Hi, Gil — people who like to be in charge of governments are a very strange lot whether they inherit their positions or are elected. Most of them are not there because they believe in making a change for others. They are there because their egos told them to be there. Life is, essentially, all about “me” including the the collective “me.” If they realized that what they are doing to their people, they are also doing to themselves, they would behave a whole lot differently. Those of us out here in the land of tolerance are a little bit crazy, too. We keep allowing the same thing to happen over and over again and are so disappointed and angry when the outcome remains the same, too.

  4. jeffstroud Says:

    Barbara,

    I read this yesterday… have come back to it this morning to give it another go.
    Once again I think you have a better grasp on your choices than most people. The fact that you can write about your past as past, as well as how it may effect your present, is healthy and growth.

    I have had a headache for 24 hours, so my brain and mind are a bit mushy, I have more to say about this but you get the idea…

    I am Love, Jeff

    • Barbara Kass Says:

      Hi, Jeff — first, sorry about your headache 😦

      I appreciate your observation about how I know I have clear choices . . . often, the grown-up in me does not want to make the choice I know I need/should/must make!

      And as soon as I remind myself in any specific moment that I chose to be here now, life gets so much more present than I ever thought possible.

  5. ButterfliesGalore-Kimberly Grady Says:

    At age five, she had neither the power nor the words to extricate herself from such people.

    Oh my dear friend this so resonates clearly…

    I think also of “Love is Blind”

    Great choices, great challenges, Deep in the soul….

    • Barbara Kass Says:

      Hi, Kim, the children we once were are still so very wise. I often look back at my childhood knowing what I know now and how my life must have been and realize that I made absolutely the best choices I could have made for myself at that time. I very much appreciate the struggle my child went through to get me here.

  6. ButterfliesGalore-Kimberly Grady Says:

    I am putting a request out to the univers!!

    That someday I will be laying on a coach and chatting with you my friend….

    Struggles go hand in hand with getting us to different places….It is our job to adjust…

    • Barbara Kass Says:

      I might have a couch in my office, Kim . . . but mostly I anticipate having lots of large upholstered pillows and some smaller ones nestled here and there so we can sit on the floor and be more grounded 😀

  7. dadcraige Says:

    Alot is said… and I long to learn how to agree with your notions of the pasr/future. Donna awakened me for a fozen dinners for ne and our babysitter
    mre ronight by our 3 year old grand dayghtwe

    • Barbara Kass Says:

      you don’t have to agree — my beliefs and defintions of past/future (which don’t really exist . . . the only thing that really exists is the present moment) are simply that: my beliefs based on my ability to interpret life right now. I may be able to see more as more presence comes to me and that may cause me to change my beliefs; all is open to perception and interpretation.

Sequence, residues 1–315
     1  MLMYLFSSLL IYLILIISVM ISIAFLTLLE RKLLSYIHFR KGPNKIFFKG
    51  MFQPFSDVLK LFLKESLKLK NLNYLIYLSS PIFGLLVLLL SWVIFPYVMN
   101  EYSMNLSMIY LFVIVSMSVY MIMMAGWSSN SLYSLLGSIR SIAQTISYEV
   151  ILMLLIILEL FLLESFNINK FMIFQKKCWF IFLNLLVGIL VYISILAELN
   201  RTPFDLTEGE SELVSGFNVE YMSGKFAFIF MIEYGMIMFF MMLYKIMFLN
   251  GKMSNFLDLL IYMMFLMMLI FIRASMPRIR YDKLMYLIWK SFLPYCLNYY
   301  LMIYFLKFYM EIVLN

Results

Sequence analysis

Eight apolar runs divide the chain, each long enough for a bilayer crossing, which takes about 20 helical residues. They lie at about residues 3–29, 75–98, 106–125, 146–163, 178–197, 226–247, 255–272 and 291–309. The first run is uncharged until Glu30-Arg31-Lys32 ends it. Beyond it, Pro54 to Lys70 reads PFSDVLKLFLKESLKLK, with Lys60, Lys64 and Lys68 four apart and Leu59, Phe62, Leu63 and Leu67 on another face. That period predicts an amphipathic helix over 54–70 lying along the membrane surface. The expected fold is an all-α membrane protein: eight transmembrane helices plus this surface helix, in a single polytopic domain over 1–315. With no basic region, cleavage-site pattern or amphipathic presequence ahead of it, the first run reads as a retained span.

8. ButterfliesGalore-Kimberly Grady Says:

    Gronded
    I like that

  9. sandiwhite Says:

    Barbara, although my parents were loving and for the most part pretty stable, the loss of their first child, my older brother, put us in a situation where I wish we had had more freedom. You speak of taking on responsibility at an early age, when I got married I still didn’t know what responsibility was. It was a crash course. I am glad that although you went through such trying times you have been able to find the person at the core of yourself, claim her and celebrate her. You find things that I would not dream of looking for, for the fear of fear. I’ve said before, you have the courage of a lioness.

    • Barbara Kass Says:

      Your brother’s death was such a trauma to your family, Sandi. His absence made your parents vulnerable in a way they never had been before. You were their next target of vulnerability, so I am not surprised that they might have held you a little too tightly.

      I had an interesting experience this past weekend at the dreamwork workshop. in one of the exercises, I saw a vision of a Native American (Indian) woman holding a drum with an eagle’s head painted on it. I asked one of my teachers (a Navajo woman who lives in a pueblo) what message was I to get from this vision. She said that the woman is me in a prior lifetime, but during that lifetime, I became enamored with being white, envied white people, and in this life time, I chose to be born white. However, I did not have any skills to be white and the white people did not appreciate my native knowledge so I quickly forgot it to survive. She said that I need to reconnect with my innate knowledge that I know so well. I said that sometimes when I try, I feel my ego start rising and I back down because I don’t want to get all egotistical about reclaiming what I know so well. She said “that’s okay. Having an ego is the penalty for being white.” I am going to learn to be fully and authentically me along with my ego — that is my purpose. I guess that does take a little bit of courage.